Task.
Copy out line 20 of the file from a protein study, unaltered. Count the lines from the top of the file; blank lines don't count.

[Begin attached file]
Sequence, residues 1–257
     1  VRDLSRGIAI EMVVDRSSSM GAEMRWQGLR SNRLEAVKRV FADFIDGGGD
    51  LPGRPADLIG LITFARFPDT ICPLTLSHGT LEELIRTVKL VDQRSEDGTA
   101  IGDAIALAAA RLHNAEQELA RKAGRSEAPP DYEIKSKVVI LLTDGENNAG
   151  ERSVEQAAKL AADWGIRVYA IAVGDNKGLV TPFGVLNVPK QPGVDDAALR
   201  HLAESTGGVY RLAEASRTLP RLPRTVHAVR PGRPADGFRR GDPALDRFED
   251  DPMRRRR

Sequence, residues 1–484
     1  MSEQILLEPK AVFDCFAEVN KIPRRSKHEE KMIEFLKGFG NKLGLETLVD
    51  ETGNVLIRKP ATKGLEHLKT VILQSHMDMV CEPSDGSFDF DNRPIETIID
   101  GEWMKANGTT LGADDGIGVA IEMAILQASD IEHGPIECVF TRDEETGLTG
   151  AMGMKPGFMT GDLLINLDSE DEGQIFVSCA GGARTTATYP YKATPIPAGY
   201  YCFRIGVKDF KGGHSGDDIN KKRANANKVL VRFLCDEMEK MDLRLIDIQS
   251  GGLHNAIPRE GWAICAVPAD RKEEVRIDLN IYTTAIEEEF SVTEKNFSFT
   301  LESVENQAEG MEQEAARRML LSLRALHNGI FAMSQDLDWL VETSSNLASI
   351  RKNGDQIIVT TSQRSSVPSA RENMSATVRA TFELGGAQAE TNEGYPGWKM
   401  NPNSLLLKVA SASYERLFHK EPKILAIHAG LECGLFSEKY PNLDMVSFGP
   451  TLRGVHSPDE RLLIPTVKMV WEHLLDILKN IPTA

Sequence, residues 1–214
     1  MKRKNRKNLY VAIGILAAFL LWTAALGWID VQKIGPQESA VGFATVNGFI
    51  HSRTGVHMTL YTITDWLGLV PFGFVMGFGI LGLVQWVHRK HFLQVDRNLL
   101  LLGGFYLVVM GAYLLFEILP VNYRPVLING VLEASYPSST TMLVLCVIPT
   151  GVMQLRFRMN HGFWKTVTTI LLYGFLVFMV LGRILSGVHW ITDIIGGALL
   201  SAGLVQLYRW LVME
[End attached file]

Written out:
     1  MKRKNRKNLY VAIGILAAFL LWTAALGWID VQKIGPQESA VGFATVNGFI